sen__franken_letter_to_doj_on_cell_phone_tracking by mmasnick

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									                           PATRICK    J. LEAHY,   VERMONT,   CHAIRMAN

HERB KOHL, WISCONSIN                                   CHARLES E. GRASSLEY, IOWA
DIANNE FEINSTEIN, CALIFORNIA                           ORRIN G. HATCH, UTAH
CHARLES E. SCHUMER, NEW YORK                           JON KYL, ARIZONA
RICHARD J. DURBIN, ILLINOIS                            JEFF SESSIONS, ALABAMA
SHELDON WHITEHOUSE,
AMY KLOBUCHAR,
                        RHODE ISLAND
                  MINNESOTA
AL FRANKEN, MINNESOTA
                                                       LINDSEY O. GRAHAM, SOUTH CAROLINA
                                                       JOHN CORNYN, TEXAS
                                                       MICHAEL S. LEE, UTAH
                                                                                             tinitnl ~tatrs ~rnatr
CHRISTOPHER A. COONS, DELAWARE                         TOM COBURN, OKLAHOMA                      COMMITIEE   ON THE JUDICIARY
RICHARD BLUMENTHAL,     CONNECTICUT

                                                                                                 WASHINGTON,    DC 20510-6275

                   BRUCE A. COHEN.         Chief Counsel and Staff Director
              KOLAN   L.   DAVIS,    Republican Chief Counsel and Staff Director




                                                                                   May 10,2012
             The Honorable Eric Holder
             Attorney General
             U.S. Department of Justice
             950 Pennsylvania Avenue, NW
             Washington, DC 20530-0001

             Dear Attorney General Holder:

                     In January, the Supreme Court unanimously decided in United States v. Jones that the
             tracking of an individual's movements through the use of a GPS tracking device was a search
             subject to Fourth Amendment scrutiny. I applaud the Court's decision and believe that it was a
             watershed for Americans' privacy and civil liberties.

                     I was very concerned to read recent reports suggesting that state and local law
             enforcement agencies may be working around the protections of Jones by requesting the location
             records of individuals directly from their wireless carriers instead of tracking the individuals
             through stand-alone GPS devices installed on their vehicles. I was further concerned to learn
             that in many cases, these agencies appear to be obtaining precise records of individuals' past and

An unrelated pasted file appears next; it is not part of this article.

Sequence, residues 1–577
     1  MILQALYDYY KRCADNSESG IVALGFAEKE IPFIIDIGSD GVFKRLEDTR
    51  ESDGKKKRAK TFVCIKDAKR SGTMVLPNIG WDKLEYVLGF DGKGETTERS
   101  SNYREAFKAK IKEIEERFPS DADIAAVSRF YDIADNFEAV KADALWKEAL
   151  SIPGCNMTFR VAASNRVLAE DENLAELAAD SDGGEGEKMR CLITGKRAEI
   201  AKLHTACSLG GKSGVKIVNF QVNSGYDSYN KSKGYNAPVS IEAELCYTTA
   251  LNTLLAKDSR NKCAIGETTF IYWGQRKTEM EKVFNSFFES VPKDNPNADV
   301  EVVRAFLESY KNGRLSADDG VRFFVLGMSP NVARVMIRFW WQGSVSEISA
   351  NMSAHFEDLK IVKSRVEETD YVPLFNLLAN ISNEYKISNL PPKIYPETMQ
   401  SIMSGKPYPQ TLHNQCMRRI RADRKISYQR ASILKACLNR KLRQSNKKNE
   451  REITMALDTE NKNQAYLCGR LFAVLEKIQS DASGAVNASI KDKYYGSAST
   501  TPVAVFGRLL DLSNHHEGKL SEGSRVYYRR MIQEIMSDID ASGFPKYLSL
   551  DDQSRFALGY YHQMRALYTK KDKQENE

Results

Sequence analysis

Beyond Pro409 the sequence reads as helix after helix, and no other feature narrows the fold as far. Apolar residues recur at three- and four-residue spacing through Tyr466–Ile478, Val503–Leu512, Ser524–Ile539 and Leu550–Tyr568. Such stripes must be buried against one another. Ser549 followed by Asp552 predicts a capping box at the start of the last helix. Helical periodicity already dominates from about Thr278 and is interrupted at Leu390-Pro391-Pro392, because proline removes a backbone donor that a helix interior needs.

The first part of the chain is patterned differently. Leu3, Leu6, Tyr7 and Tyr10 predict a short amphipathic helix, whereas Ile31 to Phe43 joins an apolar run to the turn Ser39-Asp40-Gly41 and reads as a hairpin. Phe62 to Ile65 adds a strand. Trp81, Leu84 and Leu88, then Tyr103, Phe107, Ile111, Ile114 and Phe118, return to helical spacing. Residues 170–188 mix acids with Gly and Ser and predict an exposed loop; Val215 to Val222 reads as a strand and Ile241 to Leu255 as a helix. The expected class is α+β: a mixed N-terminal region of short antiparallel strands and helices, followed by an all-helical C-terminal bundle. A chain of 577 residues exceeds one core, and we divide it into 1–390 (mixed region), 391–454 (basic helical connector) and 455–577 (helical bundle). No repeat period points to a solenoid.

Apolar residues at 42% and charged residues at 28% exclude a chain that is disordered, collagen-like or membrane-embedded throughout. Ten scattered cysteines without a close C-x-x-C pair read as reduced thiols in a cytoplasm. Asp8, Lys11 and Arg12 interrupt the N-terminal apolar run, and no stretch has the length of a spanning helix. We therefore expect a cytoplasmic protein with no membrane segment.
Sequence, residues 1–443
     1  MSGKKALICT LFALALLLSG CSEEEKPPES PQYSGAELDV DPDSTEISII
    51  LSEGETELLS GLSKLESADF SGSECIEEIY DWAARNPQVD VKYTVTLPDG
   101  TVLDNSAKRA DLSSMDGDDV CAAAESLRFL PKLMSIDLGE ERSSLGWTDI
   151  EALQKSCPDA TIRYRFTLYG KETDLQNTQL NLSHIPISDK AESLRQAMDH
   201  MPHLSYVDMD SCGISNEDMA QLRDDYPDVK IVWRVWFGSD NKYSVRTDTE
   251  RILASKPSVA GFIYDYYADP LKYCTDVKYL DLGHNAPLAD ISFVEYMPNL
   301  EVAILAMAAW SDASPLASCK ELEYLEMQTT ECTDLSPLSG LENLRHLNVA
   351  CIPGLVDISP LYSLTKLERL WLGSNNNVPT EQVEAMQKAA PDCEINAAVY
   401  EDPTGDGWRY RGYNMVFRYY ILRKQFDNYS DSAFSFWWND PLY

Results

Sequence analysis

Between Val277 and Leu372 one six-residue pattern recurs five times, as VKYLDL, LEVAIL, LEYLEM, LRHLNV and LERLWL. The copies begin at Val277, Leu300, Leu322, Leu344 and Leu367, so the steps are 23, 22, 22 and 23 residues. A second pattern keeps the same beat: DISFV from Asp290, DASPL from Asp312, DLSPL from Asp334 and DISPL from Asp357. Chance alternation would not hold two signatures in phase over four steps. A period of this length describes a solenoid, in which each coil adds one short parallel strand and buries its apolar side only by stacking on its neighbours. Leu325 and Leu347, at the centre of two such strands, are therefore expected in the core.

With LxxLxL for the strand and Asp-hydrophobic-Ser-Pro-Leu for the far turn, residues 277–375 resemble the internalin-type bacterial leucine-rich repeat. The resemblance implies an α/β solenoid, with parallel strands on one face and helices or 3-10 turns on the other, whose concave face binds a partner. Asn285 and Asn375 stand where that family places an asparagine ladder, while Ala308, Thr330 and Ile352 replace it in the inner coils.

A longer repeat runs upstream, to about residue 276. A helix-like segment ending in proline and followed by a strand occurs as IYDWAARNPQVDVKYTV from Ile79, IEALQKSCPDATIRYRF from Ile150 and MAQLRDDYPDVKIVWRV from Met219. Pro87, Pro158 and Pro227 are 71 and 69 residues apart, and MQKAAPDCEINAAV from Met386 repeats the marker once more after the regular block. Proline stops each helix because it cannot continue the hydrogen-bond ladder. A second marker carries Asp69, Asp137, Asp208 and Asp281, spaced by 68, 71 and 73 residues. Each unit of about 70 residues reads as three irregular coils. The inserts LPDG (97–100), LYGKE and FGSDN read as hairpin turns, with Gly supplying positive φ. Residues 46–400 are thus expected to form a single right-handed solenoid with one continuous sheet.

current movements from carriers without first obtaining a warrant for this information. I think
             that these actions may violate the spirit if not the letter of the Jones decision.

                    I am writing to ask you about the Department of Justice's own                              practices in requesting
            location information from wireless carriers. I am eager to learn about                             how frequently the
            Department requests location information and what legal standard the                               Department believes it
            must meet to obtain it. I would also like to know how the Department                               may have changed these
            practices since the Jones decision.

                             I therefore request that you or your staff provide answers the following questions:

                  (1) How many requests for location information has the Department of Justice filed with
                      wireless carriers in each of the past five calendar years and from January to April of this
                      year? How many individuals' location information was asked for in these requests?

                  (2) How many of these requests were complied with partially or entirely? How many
                      individuals' location information did the Department receive as a result of these requests?
    (3) What historical and prospective (i.e. real-time) location information do you request from
        wireless carriers (e.g., cell site data, GPS data)?

    (4) What legal standard does the Department of Justice believe applies to a request for
        historical location data (e.g., subpoena, court order, warrant, etc.)?

    (5) Is this standard different or the same for prospective data?

    (6) Is the standard different or the same for GPS data as opposed to cell-site data?

    (7) Have these standards changed since the Jones decision? If so, how?

    (8) Have any of the Department's practices with respect to location information requests
        from wireless carriers changed since the Jones decision?

   (9) How much money has the Department of Justice paid wireless carriers to offset expenses
       for their retrieval of this data in each of the past five years and from January to April of
       this year?

       I respectfully request that you or your staff provide responses to these questions by June
11, a month from the date of this letter. I believe that this is an urgent matter and one that will
provide critical information for policymakers and privacy advocates alike.

       Thank you for your prompt attention to this matter.




                                           Al Franken
                               Chairman, Subcommittee on Privacy,
                                     Technology and the Law

								
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